Japan’s neglect of its tourism potential could be called a sidelight of its overall self-image. On the international stage, Japan sees itself as culturally impenetrable and overpriced. Moreover, the xenophobia that many people accuse it of fostering has become accepted by the citizens as a national trait, even by those people who object to xenophobia on principle.
In terms of tourism, these qualities can be expressed statistically. According to financial writer Main Koda in the Asahi Shimbun, in 1964, the year that Japan first allowed its citizens to travel abroad, 128,000 Japanese went overseas while 353,000 foreigners visited here. By 1972, the year of the Osaka Expo, these numbers had been reversed, and the gap has increased ever since. In 2003, more than 13 million Japanese traveled abroad, while only about 5 million people visited Japan. This imbalance is translated as a 3.5 trillion yen trade deficit in the area of tourism.
Since Japan prides itself on being one of the most powerful economies in the world, it tends to look upon tourism as a secondary industry, or at least not as important as IT, kaigo (nursing care), or other vanguard industries that have received government stimulation. In terms of tourist volume, Japan is 35th in the world (France is No. 1) and ninth in Asia. However, the government not only neglects international tourism, in some sectors it seems to be purposely discouraging it, despite the 3.2 billion yen it has spent on the “Visit Japan” campaign.
The sector that’s been most neglected is China. Since 1994, the average annual growth rate in the number of Chinese people traveling abroad has been 14 percent, culminating in 20 million overseas Chinese travelers in 2002 alone. The World Tourism Organization predicts that 100 million Chinese will be going abroad in 2020. Given China’s population and economic development, this shouldn’t be surprising. What is surprising is that Japan, one of its closest neighbors both geographically and culturally, isn’t taking advantage of this.
And the main reason is good old-fashioned institutionalized xenophobia. Most industrialized countries in the world require visas for Chinese tourists, but Japan limits those visas to residents of certain “economic zones.” In 2000, the Justice Ministry specified these zones as Beijing, Shanghai and Canton Province. This year, they’ve added four provinces and one city.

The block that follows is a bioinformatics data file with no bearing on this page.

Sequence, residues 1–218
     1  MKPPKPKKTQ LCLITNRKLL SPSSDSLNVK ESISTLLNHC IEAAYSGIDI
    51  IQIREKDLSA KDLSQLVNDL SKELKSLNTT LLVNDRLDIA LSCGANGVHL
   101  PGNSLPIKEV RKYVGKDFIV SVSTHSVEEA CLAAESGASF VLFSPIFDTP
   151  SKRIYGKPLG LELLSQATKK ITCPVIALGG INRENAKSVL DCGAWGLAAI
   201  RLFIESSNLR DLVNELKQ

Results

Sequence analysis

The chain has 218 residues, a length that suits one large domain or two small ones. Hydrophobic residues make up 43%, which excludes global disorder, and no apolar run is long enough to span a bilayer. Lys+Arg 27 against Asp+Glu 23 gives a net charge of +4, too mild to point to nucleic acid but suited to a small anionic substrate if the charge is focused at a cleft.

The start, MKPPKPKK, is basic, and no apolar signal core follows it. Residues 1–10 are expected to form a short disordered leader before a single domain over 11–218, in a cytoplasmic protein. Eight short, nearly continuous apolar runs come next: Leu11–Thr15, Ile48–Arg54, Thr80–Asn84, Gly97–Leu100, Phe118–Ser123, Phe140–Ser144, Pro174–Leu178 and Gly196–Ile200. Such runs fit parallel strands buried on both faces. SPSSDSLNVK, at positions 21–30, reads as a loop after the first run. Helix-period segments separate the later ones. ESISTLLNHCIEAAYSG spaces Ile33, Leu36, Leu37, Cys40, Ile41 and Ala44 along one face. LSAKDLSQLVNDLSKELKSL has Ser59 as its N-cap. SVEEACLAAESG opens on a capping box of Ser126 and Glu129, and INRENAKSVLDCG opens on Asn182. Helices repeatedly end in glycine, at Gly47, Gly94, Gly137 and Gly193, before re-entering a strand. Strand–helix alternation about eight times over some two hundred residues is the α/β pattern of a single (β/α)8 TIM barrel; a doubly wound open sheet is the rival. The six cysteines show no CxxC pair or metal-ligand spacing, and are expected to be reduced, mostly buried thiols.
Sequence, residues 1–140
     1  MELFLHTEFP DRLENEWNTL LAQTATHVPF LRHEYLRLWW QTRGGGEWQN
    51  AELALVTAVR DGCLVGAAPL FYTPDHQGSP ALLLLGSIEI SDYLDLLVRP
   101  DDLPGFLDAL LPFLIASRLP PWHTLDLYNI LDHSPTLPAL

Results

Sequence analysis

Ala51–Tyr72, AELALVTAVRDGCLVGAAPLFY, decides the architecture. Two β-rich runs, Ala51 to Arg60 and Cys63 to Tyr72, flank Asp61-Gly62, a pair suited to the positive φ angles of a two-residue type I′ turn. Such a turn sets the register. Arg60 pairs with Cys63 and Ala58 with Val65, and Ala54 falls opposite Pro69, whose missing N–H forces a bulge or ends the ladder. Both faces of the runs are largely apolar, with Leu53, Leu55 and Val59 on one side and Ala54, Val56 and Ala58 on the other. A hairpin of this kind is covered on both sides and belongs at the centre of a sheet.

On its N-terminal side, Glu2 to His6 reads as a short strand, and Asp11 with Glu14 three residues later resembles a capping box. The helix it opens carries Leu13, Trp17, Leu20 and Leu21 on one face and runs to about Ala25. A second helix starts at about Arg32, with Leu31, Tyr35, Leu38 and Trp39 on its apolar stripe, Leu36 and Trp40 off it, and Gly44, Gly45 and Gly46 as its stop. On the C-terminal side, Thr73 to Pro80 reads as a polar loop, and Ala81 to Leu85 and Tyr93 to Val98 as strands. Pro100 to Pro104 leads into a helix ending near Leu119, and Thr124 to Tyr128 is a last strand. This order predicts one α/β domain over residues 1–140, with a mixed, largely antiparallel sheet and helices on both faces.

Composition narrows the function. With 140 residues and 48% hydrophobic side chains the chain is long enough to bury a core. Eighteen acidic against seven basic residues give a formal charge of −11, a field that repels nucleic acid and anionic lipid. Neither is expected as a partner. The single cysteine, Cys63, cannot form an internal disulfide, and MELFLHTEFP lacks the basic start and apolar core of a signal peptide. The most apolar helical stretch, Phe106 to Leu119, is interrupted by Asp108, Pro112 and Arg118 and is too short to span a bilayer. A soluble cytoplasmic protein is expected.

Apparently, the Land, Infrastructure and Transport Ministry, which deals with tourism, wanted to add even more zones, but the Justice Ministry and the National Police Agency opposed the plan, saying that there is still a danger of Chinese jumping their group tours and staying in Japan illegally. According to their figures, of the 95,000 tourists who have come to Japan from China since 2000, 362 didn’t go back.
Last month, NHK’s evening news magazine, “Tokuho Shutoken,” looked at Chinese tourism. The show pointed out that Chinese can only obtain tourist visas as members of package tours and that they must produce five documents and a 500,000 yen security deposit when they apply.
However, the restrictions that really matter are those that may take place during the tour itself. The program looked at one tour group of Chinese bankers who were visiting Osaka. The Chinese guide, who lives in Japan, was constantly taking head counts and imploring her charges not to wander. The group was limited to only one store for shopping, and when the members checked into their hotel they had to trade their passports for room keys. There was also a 10 p.m. curfew.
It sounded more like a trip to North Korea, but one should keep in mind that these are the practices of that particular travel agency, not rules laid down by the Japanese government. By focusing on only one tour, NHK was being misleading — anyone who walks through Ginza these days will certainly run into unsupervised Chinese tourists. The point is that travel agencies who deal with Chinese tourists bear responsibility for anyone who stays behind. According to the program, an agency can have its license suspended or even revoked if tour groups return to China lighter than they were when they left. The government’s paranoia may be the source of an agency’s Draconian measures, but it’s obvious the tour company singled out by NHK doesn’t trust Chinese, even when they have money and no logical reason to stay behind.
One Chinese tourist interviewed on the program said she was disappointed because there was no chance to “come into direct contact” with real Japanese culture and people. Mo Bangfu, a Chinese journalist who has lived in Japan since the mid-’80s, told the host of “Tokuho Shutoken” that many well-to-do Chinese want to come to Japan, but information passed by word-of-mouth about the restrictions has prompted them to go to Europe instead, and Europe is only too happy to have them. Chinese travelers to Europe must also obtain tourist visas beforehand, but they are not limited to residents of specific economic zones. Fifteen EU countries, in fact, now allow Chinese tourists to travel freely from one to another.
But Europe has prided itself on being a tourist destination for centuries. The Japanese government and perhaps even the majority of Japanese citizens see their country as a place for work, not a place for leisure. They somehow feel that anyone who comes here, especially from Asia, is a potential job-seeker. You’d have to be crazy to come here for sightseeing.